In addition to intellectual skills, the school places great emphasis on developing a range of emotional, social and spiritual qualities that help children to lead happy, fulfilling lives and contribute positively to society. It also tries to ensure that children feel connected to and are proud of their local community and its traditions, so as to encourage them to spend their adult lives in the local community, ratherthan to migrate to Bangkok.
Another key goal of the school is to ensure that all students, without exception, achieve their full potential. Since the school does not practice selective entry, this requires the school to deal with a broad range of physical, intellectual and behavioral problems.
The school aims not just to provide a quality education to its students,but also to serve as an example that can help other schools improve their quality.  It tries therefore to avoid use of resources beyond whatcould be expected from a government school. It also aims to be consistent with Thailand’s national curriculum.
Achievements
       Lamplaimat Pattana School has become well-known in Thailand as one of the country’s leading progressive schools, and has been featured in numerous TV programmes and newspaper articles.Despite its policy of not selecting children based on ability, it achieved the best results of allof Buriram’s 860 schools in the primary-level nationwide standardized tests in 2010, and was in the top 15% of schools nationwide. In an external quality assessment for 2005-2010 by the Office for National Education Standards and Quality Assessment, the school was assessed to be at in the highest level for 13 out of 14 criteria, and at the second highest level for the one other criteria. All children that have graduated from the school, including those with significant learning difficulties, have achieved a satisfactory level of competence in reading, writing and arithmetic.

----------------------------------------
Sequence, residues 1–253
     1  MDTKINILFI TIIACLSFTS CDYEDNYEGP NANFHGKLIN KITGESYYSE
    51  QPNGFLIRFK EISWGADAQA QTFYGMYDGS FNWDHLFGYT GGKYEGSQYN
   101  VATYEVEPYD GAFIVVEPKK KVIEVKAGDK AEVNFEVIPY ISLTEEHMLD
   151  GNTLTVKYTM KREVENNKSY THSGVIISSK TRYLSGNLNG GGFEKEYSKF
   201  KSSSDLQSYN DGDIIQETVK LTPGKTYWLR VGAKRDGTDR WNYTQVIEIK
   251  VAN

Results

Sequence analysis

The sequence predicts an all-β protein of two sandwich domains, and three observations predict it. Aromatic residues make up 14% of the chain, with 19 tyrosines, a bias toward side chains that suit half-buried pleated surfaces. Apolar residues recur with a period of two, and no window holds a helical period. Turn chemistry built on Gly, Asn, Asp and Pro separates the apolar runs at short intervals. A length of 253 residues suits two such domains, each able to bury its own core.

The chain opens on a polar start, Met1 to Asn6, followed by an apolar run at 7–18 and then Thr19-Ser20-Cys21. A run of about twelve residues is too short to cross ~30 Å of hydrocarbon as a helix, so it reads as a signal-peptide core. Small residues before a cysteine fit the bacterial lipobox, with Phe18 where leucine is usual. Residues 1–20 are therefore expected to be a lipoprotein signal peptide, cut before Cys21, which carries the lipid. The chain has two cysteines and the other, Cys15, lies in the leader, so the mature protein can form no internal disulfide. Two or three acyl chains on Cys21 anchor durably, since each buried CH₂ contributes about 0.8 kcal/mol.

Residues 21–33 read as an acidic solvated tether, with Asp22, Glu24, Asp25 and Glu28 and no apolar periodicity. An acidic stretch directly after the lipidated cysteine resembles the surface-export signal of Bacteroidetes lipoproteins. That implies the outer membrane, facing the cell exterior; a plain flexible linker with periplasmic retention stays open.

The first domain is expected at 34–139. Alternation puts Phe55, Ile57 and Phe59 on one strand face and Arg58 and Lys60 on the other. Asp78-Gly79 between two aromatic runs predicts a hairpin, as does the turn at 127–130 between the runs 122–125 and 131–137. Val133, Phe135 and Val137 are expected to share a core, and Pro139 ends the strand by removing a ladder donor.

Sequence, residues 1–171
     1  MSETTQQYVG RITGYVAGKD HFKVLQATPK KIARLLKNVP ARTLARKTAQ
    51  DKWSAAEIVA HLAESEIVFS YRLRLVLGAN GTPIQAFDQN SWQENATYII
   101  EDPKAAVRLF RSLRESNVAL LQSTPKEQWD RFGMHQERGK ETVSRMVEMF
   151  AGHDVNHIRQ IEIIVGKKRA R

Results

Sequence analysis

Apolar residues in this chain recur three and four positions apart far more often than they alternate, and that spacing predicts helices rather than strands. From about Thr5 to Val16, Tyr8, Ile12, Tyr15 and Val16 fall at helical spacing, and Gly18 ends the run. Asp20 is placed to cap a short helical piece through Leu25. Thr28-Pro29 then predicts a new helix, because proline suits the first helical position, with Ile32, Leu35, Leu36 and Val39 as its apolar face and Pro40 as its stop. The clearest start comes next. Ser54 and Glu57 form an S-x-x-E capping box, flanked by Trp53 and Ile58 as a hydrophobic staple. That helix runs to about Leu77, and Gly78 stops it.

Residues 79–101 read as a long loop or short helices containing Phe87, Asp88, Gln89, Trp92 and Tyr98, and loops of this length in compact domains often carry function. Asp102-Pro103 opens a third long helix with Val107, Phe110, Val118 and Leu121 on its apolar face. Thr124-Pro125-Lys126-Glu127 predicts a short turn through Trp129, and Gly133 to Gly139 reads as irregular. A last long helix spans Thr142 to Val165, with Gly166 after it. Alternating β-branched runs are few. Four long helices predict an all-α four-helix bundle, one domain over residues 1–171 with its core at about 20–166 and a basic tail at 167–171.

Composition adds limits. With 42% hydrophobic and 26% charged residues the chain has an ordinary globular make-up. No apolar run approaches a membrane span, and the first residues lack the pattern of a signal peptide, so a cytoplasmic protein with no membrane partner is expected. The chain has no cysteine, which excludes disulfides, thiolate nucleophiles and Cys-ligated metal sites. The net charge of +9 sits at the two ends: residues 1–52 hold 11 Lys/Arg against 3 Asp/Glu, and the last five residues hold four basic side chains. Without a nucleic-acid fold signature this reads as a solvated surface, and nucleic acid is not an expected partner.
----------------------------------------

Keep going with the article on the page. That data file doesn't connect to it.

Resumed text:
The school was reviewed by an independent team of educational experts from the Faculty of Education at the University of Tasmania in 2006. Thereview concluded that Lamplaimat Pattana “is an excellent school, whichis achieving and exceeding its stated objectives. It compares favourably with international schools and benchmarks of international best practice drawn from the effective schools literature.”
       Non-academic achievements are harder to quantify objectively, but the happy and joyful atmosphere is immediately apparent to any visitor. The school has no problems with bullying, truancy or vandalism, although these are major problems for schools with a similar intake.
       During 2009 the school was visited by 400 groups with a total of more 12,000 people, the vast majority being teachers from government schools.Of these, about half participated in multi-day training courses. The school has had visitors from every region, with some visitors travellingmore than 20 hours by bus for a half-day visit. In all, about 200 schools have adopted at least some of the ideas that they learned  during training courses. A book about the school, written by the headmaster, is in its 8th printing and has sold more than 30,000 copies.                                                                                                                                                                                                                                                                        
       The school’s average total annual expenditure per child inacademic year 2009/2010 was 37,000 baht (about US$1230).  Remarkably, this is lower than the comparable figure for government schools in Buriram, which is about 43,000 baht.